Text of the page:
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Today's News

  • Woman's Club Derby-Style Fund Racer takes off Saturday

    It’s Kentucky Derby time, which means the General Federation of Women’s Clubs-South Brunswick Islands Woman’s Club is getting ready to serve its Juleps & Jazz Derby-style Fund Racer.

    The third annual event is scheduled from 4 to 7 p.m. Saturday, May 7, at 101 Stone Chimney Place in Supply.

    Tickets are $25 each, which includes hors d’oeuvres, a raffle and silent auction, and a cash bar serving beer, wine, and a signature drink called the “Jazzy Julep.”

    Live jazz will be performed by The Nick Michaels Trio.

  • Fiesta Mexicana set for 7 de Mayo

    Two days after Cinco de Mayo comes Siete de Mayo.

    Saturday, May 7, in fact, is when Saint Brendan the Navigator Roman Catholic Church at 5101 U.S. 17 in Shallotte is having its third Fiesta Mexicana, and everyone is invited.

    The festive event is described as a day full of Mexican culture with authentic food and music, colorful folk dancing, free games and prizes for children and a 50-50 raffle.

  • Carolina Shores focuses on budget, salaries

    CAROLINA SHORES — Town commissioners are poised for a public hearing and first reading of the town’s proposed $1.8 million budget for fiscal 2016-17 at their upcoming monthly meeting at 2 p.m. this Thursday, May 5.

    “We really are in the last stretch of the budget,” Town Administrator Jon Mendenhall said at the board’s monthly workshop Monday. New goals, he said, were set at the board’s budget retreat in January.

  • Judge sentences habitual felon to more than six years in prison

    A Bolivia man has been sentenced to serve at least six-and-a-half years in state prison after pleading guilty to habitual misdemeanor assault, habitual felon, and assault on a female in Brunswick County Superior Court, according to a District Attorney’s Office news release.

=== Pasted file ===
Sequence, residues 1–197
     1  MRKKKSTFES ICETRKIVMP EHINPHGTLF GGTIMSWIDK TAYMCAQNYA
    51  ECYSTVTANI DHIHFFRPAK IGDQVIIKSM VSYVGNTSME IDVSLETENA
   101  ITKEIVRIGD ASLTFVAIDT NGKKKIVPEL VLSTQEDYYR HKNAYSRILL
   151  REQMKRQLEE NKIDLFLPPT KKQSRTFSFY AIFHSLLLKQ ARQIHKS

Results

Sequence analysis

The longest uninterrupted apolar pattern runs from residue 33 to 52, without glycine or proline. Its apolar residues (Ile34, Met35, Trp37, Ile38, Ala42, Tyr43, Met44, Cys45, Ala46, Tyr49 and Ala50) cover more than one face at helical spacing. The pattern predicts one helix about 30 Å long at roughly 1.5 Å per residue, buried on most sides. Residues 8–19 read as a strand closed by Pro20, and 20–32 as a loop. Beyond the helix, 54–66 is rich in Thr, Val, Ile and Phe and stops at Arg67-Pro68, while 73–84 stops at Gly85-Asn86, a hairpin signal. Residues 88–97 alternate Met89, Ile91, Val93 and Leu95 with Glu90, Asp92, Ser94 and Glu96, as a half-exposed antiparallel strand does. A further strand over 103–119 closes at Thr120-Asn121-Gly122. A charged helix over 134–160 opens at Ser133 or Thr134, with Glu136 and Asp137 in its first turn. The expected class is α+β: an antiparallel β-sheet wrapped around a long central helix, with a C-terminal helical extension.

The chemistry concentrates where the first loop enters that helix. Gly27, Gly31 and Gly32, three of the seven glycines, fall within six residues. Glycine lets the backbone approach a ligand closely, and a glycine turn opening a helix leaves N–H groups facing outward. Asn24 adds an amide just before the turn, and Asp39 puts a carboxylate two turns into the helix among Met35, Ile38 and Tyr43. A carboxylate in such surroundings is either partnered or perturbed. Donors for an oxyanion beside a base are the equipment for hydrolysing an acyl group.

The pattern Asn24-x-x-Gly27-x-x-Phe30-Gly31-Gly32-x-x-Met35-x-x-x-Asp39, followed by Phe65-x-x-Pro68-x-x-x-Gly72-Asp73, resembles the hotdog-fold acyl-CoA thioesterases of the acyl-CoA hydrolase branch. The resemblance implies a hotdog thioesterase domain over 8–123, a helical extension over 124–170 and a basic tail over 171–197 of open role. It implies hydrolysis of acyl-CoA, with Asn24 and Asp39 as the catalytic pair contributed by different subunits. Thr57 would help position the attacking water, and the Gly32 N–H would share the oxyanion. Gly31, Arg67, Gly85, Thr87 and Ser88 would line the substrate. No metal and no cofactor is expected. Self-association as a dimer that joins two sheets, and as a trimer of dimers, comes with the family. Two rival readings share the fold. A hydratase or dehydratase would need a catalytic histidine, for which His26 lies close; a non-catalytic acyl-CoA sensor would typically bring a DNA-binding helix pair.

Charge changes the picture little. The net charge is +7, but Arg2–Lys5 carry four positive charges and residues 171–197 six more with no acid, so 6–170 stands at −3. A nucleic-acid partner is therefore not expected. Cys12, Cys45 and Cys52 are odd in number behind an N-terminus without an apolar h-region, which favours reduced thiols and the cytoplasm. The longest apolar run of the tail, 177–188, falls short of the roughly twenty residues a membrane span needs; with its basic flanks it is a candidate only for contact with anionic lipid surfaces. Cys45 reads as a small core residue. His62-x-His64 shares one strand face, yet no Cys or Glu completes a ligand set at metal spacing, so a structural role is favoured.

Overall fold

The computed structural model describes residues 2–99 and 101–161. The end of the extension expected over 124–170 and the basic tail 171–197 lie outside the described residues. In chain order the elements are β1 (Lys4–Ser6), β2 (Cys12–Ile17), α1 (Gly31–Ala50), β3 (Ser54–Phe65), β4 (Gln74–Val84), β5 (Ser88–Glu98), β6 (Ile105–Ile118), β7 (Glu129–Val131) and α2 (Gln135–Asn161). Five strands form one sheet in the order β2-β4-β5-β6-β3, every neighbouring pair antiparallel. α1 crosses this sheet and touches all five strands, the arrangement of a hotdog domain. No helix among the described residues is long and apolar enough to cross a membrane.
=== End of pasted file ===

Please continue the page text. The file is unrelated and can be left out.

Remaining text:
Judge Tripp Watson of New Hanover County sentenced 36-year-old Travis Bryan Stanley on Tuesday, May 3, to serve at least 80 months and up to 109 months (just more than nine years) for the crimes.

  • Should I worry if my cat’s stool has blood or mucus?

     

    We all do it. We do it every time we change the litter or hear the call of compacted clay being clawed. I’m talking about inspecting our cat’s stools. We humans are inexplicably interested in monitoring our companion animal’s eliminations. And that’s a good thing. Identifying a bathroom problem early can prevent more serious complications and restore health to an ailing kitty.

  • To fail is also to succeed

          Graduation time looms large across the nation. Senior year students in high schools, colleges, universities are embroiled in the departure/arrival moments, with all the mixed emotions involved. Applications have been filed, received, and returned with news of acceptance … or not. A sense of finality tinges the excitement of new beginnings with unease, if not sadness. Holding on is as an impelling force as letting go.

  • To fail is also to succeed

          Graduation time looms large across the nation. Senior year students in high schools, colleges, universities are embroiled in the departure/arrival moments, with all the mixed emotions involved. Applications have been filed, received, and returned with news of acceptance … or not. A sense of finality tinges the excitement of new beginnings with unease, if not sadness. Holding on is as an impelling force as letting go.

  • Life lessons from our mothers are always with us

     

    By Linda Arnold

          This is my sixth Mother’s Day without my mom.

         Many of you are going through your first, and those “firsts” are tough — whether it’s Mother’s Day, a birthday, an anniversary or that first holiday.

  • What is this mystery plant?

    By John Nelson

    This is a plant to dye for.

    Now, the process of dyeing, or otherwise coloring fabrics and textiles, has long been an important economic preoccupation, and of course, many different, and unrelated plant (and animal) species have been used around the world as sources of various dyes.

  • What is this mystery plant?

    By John Nelson

    This is a plant to dye for.

    Now, the process of dyeing, or otherwise coloring fabrics and textiles, has long been an important economic preoccupation, and of course, many different, and unrelated plant (and animal) species have been used around the world as sources of various dyes.